Response

Response times will vary widely among publishers and agencies. While you will get an automated message of receipt as soon as you send something in, the actual response to what you sent can take anywhere from a couple of weeks to a few months. Because there is an internal schedule and lots of interrelated processes at work, traditional publishing is not a quick way to the bookshelves. Assuming an acceptance letter, it might take a year or more from the time you submit to see your book published.

Each agency and publisher will spell out expected wait times on their submission pages. In general, you should not be emailing or calling to follow up before that wait time has passed. If you still haven’t gotten a response a week after they said they’d get back to you, you can send a short email asking about the status of your submission. Keep it short and polite.

Here are a number of possible responses you can get from an agent or publisher:

Generic “No, thank you.”

This means they aren’t interested. The email will be short, formulaic, it’ll thank you for submitting but tell you the story is not right for them at this time. Best of luck in the future. If this is what you get, it means the end of the road for this particular book at this particular agency or publisher. Do not resubmit. It’s considered unprofessional and will be a waste of your time. Instead, consider submitting elsewhere. No response is necessary to this, as it is basically an automated message.

Personalized “No, thank you.”

This means they read the story, just didn’t like it. But they read enough of it and took the time to give you specific feedback, which can often be quite helpful. Consider what they said the problem was, and decide whether you want to follow their suggestions and rework the manuscript. However, unless they specifically invited you, do not resubmit. It could be the story is just not a good fit for their catalog. It does happen. You can, but don’t have to respond with a polite, “Thank you for your time. I appreciate the feedback and will give it some thought.”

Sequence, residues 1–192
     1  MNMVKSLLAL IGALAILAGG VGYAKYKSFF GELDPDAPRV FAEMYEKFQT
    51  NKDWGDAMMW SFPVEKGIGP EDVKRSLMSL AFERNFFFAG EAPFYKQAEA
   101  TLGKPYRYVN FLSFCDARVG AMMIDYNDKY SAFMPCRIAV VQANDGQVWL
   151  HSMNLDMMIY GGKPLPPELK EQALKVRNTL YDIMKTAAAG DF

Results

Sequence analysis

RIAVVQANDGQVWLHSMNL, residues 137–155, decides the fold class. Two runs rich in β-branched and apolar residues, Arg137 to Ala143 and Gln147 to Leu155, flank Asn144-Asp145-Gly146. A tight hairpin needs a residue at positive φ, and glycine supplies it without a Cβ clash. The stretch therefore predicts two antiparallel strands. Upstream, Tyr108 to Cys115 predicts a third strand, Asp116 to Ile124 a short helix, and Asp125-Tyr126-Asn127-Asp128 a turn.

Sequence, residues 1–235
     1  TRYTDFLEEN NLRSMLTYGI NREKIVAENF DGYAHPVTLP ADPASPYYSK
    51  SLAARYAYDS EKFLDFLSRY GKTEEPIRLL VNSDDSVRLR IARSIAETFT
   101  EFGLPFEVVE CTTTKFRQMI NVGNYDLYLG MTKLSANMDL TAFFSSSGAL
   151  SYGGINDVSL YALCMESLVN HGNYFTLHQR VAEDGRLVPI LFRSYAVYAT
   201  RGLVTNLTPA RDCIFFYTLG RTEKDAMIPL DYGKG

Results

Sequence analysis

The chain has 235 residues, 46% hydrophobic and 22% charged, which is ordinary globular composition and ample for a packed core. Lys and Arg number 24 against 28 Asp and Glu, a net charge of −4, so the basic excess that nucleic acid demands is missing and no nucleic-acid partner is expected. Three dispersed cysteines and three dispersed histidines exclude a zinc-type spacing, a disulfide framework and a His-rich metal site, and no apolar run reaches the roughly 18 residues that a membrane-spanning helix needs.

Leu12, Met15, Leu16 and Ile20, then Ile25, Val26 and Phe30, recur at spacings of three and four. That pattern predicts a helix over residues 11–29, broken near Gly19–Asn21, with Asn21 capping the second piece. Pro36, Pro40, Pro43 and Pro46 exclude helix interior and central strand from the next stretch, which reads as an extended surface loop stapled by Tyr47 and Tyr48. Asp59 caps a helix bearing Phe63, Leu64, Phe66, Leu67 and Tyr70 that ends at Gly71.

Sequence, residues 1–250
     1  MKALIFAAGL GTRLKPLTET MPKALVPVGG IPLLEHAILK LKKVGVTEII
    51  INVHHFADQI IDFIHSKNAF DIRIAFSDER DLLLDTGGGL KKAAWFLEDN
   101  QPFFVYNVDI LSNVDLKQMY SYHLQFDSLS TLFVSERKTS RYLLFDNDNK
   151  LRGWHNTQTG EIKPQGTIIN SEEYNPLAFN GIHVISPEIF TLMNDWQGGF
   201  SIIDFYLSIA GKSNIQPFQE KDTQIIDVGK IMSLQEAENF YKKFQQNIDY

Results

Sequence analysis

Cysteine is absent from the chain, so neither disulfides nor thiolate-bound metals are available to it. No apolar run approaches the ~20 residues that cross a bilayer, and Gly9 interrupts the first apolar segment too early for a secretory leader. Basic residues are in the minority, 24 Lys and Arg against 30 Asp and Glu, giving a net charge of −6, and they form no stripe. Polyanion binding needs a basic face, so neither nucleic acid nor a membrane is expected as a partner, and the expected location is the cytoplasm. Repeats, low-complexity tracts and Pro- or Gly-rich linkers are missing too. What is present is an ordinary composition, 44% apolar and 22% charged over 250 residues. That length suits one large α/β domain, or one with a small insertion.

“We’ll take it if…”

When a publisher asks for revisions, it usually means they like the premise, but need a few (or many) corrections to make it fit with their current catalog. Here, you can choose whether or not you want to make those corrections. It could be anything from cutting down the word count, to adding scenes, or reworking some plot points or character details. If it can be done, and you are willing to do it, go for it! You can then resubmit the second version when you are ready, probably to a specific email address that will push you past the slush pile to the right person in charge. If they ask for too much, or the changes they request would change the story more than you are willing to do, you are not obligated to comply. However, business protocol says you should at least respond with a polite, “Thank you for your feedback. I have considered the suggestions and upon further consideration have decided to move in another direction.” Never just leave someone hanging, and never respond in a rude or curt manner.

“We’ll take it as is!”

Yay! You got an acceptance!  Feel free to do a happy dance, because that is awesome. An agent or publisher read your manuscript and wants to work with you. The email itself will give you more information on what happens next. They will likely wait for your response before they send you a contract, and they’ll want to know whether you’re still waiting for answers from others. If you get more than one acceptance, you might get a little bit of negotiating power, but most likely, it’ll just be a choice between one or the other. Go with the one that’s more favorable for you, not just in terms of money, but also the support services being offered. Make sure you know the details so you can make an informed decision you won’t have to regret in the future. However you decide, always respond in a timely manner. If you need time to think it over, fine, but you should still respond right away to acknowledge you received the message and let them know when you’ll get back to them with a decision. Do not make them wait too long.

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